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Asynchronous Process Question

P: n/a
I have a process that takes a while to run so I have it running
asynchronously so that the user can continue working. My question is that I
want to killl the process if the user changes the search parameters before
the callback method is called. Any ideas of how to do this or if it even
matters? I did not know if calling the asynch process a new time kills the
previous one or not.

Thank you for your help.
Susan
Aug 2 '06 #1
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10 Replies


P: n/a

Susan wrote:
I have a process that takes a while to run so I have it running
asynchronously so that the user can continue working. My question is that I
want to killl the process if the user changes the search parameters before
the callback method is called. Any ideas of how to do this or if it even
matters? I did not know if calling the asynch process a new time kills the
previous one or not.

Thank you for your help.
Susan
Hi Susan,
Can you post some code? It seems like you can just kill the process
using the object reference that you have:

static void Main(string[] args)
{
Process p = new Process();
p.StartInfo.FileName = @"C:\WINDOWS\system32\notepad.exe";
p.Start();

Console.WriteLine("press enter to kill process");
Console.ReadLine();
p.Kill();
return;
}

Hope this helps,
John

Aug 2 '06 #2

P: n/a
Hello Susan,

Theoretically you can dive into message sing objects that are performing
async calls where is the cancellation located
but practically it's very hard to do, you need to intercept calls, context
and etc.

standarc acyns handler classes don't have functionality to cancell async call

SI have a process that takes a while to run so I have it running
Sasynchronously so that the user can continue working. My question is
Sthat I want to killl the process if the user changes the search
Sparameters before the callback method is called. Any ideas of how to
Sdo this or if it even matters? I did not know if calling the asynch
Sprocess a new time kills the previous one or not.
S>
SThank you for your help.
SSusan
---
WBR,
Michael Nemtsev :: blog: http://spaces.msn.com/laflour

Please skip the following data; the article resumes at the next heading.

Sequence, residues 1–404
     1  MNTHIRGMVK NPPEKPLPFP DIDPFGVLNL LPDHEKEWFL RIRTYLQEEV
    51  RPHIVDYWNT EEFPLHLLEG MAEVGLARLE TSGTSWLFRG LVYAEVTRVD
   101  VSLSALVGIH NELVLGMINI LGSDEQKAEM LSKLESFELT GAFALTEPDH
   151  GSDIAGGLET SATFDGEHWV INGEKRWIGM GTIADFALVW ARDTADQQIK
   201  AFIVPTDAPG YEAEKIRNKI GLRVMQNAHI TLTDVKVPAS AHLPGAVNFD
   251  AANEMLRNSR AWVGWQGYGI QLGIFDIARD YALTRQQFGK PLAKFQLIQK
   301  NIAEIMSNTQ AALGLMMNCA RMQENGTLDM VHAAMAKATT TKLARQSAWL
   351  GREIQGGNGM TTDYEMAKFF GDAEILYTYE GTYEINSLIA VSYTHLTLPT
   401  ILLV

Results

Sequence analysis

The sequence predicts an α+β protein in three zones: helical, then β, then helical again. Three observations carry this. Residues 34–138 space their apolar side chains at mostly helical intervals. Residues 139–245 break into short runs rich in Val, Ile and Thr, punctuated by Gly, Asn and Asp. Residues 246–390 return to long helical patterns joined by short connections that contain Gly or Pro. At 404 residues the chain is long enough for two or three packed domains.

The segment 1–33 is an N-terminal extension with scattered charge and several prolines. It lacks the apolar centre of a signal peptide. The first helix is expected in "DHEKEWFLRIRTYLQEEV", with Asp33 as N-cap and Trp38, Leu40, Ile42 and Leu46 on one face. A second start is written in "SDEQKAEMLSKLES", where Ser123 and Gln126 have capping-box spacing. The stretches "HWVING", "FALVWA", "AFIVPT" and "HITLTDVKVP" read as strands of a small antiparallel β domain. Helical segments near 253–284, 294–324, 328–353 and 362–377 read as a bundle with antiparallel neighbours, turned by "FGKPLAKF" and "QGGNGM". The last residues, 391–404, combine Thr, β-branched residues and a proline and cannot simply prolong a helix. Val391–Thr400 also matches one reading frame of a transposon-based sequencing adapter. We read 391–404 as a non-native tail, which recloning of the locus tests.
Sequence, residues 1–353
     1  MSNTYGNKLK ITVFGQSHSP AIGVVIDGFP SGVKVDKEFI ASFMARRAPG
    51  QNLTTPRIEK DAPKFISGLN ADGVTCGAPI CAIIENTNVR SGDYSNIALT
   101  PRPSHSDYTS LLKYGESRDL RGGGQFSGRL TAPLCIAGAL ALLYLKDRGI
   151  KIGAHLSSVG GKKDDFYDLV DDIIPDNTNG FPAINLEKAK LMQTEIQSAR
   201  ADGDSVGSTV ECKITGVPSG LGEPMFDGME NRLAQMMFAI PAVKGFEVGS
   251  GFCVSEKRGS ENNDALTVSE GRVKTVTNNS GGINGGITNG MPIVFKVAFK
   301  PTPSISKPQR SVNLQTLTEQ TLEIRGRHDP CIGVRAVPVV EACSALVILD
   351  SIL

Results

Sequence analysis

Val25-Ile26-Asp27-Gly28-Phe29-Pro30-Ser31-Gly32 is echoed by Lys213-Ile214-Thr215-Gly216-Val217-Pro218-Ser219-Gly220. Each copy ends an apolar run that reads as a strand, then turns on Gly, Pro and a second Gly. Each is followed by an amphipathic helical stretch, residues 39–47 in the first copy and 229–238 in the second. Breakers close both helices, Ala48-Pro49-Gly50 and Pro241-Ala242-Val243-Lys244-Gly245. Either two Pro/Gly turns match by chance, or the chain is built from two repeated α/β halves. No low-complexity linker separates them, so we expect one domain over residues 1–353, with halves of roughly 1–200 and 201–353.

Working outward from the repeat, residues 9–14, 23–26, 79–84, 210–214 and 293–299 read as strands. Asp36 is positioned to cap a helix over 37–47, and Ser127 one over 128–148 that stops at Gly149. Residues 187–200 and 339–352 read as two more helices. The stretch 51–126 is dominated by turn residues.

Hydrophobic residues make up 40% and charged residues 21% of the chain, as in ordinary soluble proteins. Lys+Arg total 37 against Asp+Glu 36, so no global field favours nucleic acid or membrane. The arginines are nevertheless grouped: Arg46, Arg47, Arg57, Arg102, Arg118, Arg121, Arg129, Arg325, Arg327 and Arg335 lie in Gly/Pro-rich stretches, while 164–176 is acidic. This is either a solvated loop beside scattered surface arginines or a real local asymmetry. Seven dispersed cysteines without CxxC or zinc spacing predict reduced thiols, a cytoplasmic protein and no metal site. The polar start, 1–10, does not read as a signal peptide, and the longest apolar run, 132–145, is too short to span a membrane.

"At times one remains faithful to a cause only because its opponents do not
cease to be insipid." (c) Friedrich Nietzsche
Aug 2 '06 #3

P: n/a
I do not think that will work. Here's code snippets:
private CountDelegate dDeleg;

private void GetResults ()
{
/*get the actual results from database, but in limited number (25 per
page) to
increase response time*/

if (_newQuery)
{
cDeleg = new CountDelegate(Count);
AsyncCallback cb = new AsyncCallback (CountCallback);
cDeleg.BeginInvoke (tgts, cb, "countDelegate");
}
}

private void CountCallback (IAsyncResult ar)
{
cDeleg.EndInvoke (ar);
SetCount(); //just something letting the user know how many results there
are
}

I didn't know if there was a way to force the end invoke even though the
process is not completed. I know that there is not cancel even, but am hoping
there is a way to similate one... Any ideas?

Thank you,
Susan

"John Duval" wrote:
>
Susan wrote:
I have a process that takes a while to run so I have it running
asynchronously so that the user can continue working. My question is that I
want to killl the process if the user changes the search parameters before
the callback method is called. Any ideas of how to do this or if it even
matters? I did not know if calling the asynch process a new time kills the
previous one or not.

Thank you for your help.
Susan

Hi Susan,
Can you post some code? It seems like you can just kill the process
using the object reference that you have:

static void Main(string[] args)
{
Process p = new Process();
p.StartInfo.FileName = @"C:\WINDOWS\system32\notepad.exe";
p.Start();

Console.WriteLine("press enter to kill process");
Console.ReadLine();
p.Kill();
return;
}

Hope this helps,
John

Aug 2 '06 #4

P: n/a
Darn. I was hoping there was an easy work around. I guess I'll change it to a
thread then.... Thank you. :)

"Michael Nemtsev" wrote:
Hello Susan,

Theoretically you can dive into message sing objects that are performing